Associate Bonus Watch 2011, Biglaw, Bonuses, Kasowitz Benson, Money

Associate Bonus Watch: Kasowitz Rewards Superior Legal Minds

The pace of announcements may have slowed down a bit, but make no mistake: we’re still in associate bonus season. If you have bonus news that we haven’t covered, even announcements dating back to last month, please email us (subject line: “[Firm Name] Bonus Memo”). We’re trying to keep as accurate a record as we can of Biglaw bonuses, but we can’t do it without your help. Please don’t assume that someone else will send in the memo; that’s not always the case.

Now, on to today’s bonus news, which comes to us from Kasowitz Benson. The litigation powerhouse, which describes itself as “a national law firm primarily focusing on complex and sophisticated commercial litigation, numbering 375 lawyers,” announced its bonuses last Thursday, January 5.

So how much is Uncle Marc paying to the superior legal minds who work for him?

UPDATE (3:20 PM): Speaking of Gregory Berry, Justice Eileen Bransten of New York State Supreme Court just dismissed Berry’s $77 million lawsuit against Kasowitz.

UPDATE (1/10/12): Read all about the dismissal here.

The Kasowitz bonus memo, reprinted in full on the next page, announces bonuses for New York associates and special counsel that are “up to” the Cravath scale. The memo notes that the numbers on the scale “are benchmark amounts which are subject to adjustment to reflect individual performance and hours worked.” Individual bonus news will be communicated during the week of January 23.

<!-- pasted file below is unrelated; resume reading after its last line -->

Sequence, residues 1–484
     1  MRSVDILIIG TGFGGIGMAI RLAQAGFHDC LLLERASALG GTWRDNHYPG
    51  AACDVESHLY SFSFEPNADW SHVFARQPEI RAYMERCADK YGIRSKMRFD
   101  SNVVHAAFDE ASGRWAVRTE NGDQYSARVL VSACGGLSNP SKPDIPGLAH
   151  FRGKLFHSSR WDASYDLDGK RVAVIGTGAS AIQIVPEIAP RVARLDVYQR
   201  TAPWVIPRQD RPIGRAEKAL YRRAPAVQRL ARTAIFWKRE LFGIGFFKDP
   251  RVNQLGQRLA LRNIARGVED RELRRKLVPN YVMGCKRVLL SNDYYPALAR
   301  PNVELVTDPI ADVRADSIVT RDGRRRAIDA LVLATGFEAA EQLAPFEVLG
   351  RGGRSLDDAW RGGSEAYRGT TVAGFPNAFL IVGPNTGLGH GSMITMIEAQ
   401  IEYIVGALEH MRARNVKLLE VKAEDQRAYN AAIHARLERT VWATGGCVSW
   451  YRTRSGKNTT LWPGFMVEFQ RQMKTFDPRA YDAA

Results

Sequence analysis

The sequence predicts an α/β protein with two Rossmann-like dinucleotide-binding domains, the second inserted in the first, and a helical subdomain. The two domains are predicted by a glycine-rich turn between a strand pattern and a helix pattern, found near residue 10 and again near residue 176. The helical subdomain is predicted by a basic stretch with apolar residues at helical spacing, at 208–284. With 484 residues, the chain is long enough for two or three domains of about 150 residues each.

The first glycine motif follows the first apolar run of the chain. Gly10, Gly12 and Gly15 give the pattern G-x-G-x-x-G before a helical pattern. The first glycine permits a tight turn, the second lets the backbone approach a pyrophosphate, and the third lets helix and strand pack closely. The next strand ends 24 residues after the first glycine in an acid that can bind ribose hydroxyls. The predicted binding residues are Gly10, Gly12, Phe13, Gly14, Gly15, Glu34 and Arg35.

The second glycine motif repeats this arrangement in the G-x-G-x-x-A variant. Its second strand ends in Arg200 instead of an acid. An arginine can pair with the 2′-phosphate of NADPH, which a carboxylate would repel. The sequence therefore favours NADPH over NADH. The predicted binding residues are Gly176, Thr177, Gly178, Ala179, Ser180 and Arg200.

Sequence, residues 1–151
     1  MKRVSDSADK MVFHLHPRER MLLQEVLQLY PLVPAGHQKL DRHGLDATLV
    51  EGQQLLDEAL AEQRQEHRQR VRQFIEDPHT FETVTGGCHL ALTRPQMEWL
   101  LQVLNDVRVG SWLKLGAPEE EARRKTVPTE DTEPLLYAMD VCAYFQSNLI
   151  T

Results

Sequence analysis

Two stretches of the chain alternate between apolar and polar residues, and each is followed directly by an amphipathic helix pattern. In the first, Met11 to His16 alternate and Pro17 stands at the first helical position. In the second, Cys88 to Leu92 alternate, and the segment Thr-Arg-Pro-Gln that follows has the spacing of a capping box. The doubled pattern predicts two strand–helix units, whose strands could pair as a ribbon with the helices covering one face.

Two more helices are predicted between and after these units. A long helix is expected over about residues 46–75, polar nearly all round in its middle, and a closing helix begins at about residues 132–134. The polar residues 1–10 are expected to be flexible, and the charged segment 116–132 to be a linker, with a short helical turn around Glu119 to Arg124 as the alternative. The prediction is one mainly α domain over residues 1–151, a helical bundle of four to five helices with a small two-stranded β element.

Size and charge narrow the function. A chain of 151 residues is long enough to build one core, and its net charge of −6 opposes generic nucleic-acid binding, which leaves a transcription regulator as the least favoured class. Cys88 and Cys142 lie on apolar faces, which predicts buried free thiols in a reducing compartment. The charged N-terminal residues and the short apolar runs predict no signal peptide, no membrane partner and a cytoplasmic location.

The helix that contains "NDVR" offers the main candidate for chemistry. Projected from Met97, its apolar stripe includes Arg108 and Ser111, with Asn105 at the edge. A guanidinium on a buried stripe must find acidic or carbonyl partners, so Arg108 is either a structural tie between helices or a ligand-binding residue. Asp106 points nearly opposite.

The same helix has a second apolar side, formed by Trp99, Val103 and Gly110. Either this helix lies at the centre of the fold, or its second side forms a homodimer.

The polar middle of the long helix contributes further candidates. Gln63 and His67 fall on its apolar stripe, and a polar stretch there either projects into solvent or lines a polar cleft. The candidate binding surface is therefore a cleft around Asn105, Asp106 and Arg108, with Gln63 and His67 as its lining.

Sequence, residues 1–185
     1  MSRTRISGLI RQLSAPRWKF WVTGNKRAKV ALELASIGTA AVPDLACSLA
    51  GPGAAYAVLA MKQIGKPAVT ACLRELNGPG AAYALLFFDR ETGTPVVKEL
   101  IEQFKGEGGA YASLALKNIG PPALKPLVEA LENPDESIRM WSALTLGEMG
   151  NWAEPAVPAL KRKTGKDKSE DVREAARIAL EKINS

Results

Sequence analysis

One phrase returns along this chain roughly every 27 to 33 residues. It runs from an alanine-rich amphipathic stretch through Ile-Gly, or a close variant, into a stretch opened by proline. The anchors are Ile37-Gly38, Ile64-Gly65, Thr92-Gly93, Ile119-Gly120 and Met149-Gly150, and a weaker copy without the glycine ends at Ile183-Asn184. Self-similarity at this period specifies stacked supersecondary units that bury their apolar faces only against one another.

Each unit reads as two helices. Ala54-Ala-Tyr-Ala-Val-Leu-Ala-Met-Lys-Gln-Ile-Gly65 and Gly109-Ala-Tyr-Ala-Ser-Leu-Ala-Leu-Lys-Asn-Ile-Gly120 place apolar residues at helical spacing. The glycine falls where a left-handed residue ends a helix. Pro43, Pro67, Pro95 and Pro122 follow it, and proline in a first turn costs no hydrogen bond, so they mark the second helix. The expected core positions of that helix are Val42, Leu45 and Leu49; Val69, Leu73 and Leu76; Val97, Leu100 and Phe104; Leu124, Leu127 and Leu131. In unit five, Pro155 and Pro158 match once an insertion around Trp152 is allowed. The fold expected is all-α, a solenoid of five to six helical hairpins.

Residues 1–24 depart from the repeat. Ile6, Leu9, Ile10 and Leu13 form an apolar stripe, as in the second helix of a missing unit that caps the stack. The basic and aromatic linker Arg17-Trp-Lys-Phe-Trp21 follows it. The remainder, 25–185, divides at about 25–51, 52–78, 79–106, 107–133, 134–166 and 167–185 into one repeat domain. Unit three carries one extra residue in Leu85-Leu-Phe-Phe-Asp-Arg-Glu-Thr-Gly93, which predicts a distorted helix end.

What to make of this news? In light of how the firm has been thriving and expanding recently, some might find the bonuses a little disappointing. First, as in past years, the bonuses are in amounts “up to” the Cravath scale. Translation: some associates will get less than the Cravath scale, and even superstars and high billers can earn no more than the Cravath scale.

Second, there’s no mention of spring bonuses. In fairness to Kasowitz, most other firms’ memos don’t mention spring bonuses. But many of these firms did in fact pay spring bonuses in 2011, while Kasowitz did not. The firm’s failure to pay spring bonuses last year generated some discontent among the ranks and may have contributed to attrition, especially since a fair number of KBTF associates came over from elite, spring-bonus-paying firms.

But hey, as those of us with New Year’s resolutions recognize, the start of a new year represents a chance to do better. Perhaps Kasowitz Benson will turn over a new leaf and pay spring bonuses in 2012 (if, as many expect, spring bonuses are once again awarded by the top firms).

If you like, you can check out the 2011 Kasowitz bonus memo on the next page (or click here).

P.S. Going through our Kasowitz archives, it seems that we might have missed KB’s 2010 bonus announcement. If you have either the memo or the details, we’d appreciate it if you’d send our way (just for completeness; we’ll update this post with it). Thanks.

Earlier: Associate Bonus Watch: Kasowitz Benson

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